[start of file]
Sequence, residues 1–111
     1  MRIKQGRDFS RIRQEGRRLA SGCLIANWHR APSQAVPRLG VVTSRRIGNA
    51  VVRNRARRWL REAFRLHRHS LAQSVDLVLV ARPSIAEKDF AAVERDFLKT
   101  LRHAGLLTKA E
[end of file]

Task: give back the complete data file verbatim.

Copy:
Sequence, residues 1–111
     1  MRIKQGRDFS RIRQEGRRLA SGCLIANWHR APSQAVPRLG VVTSRRIGNA
    51  VVRNRARRWL REAFRLHRHS LAQSVDLVLV ARPSIAEKDF AAVERDFLKT
   101  LRHAGLLTKA E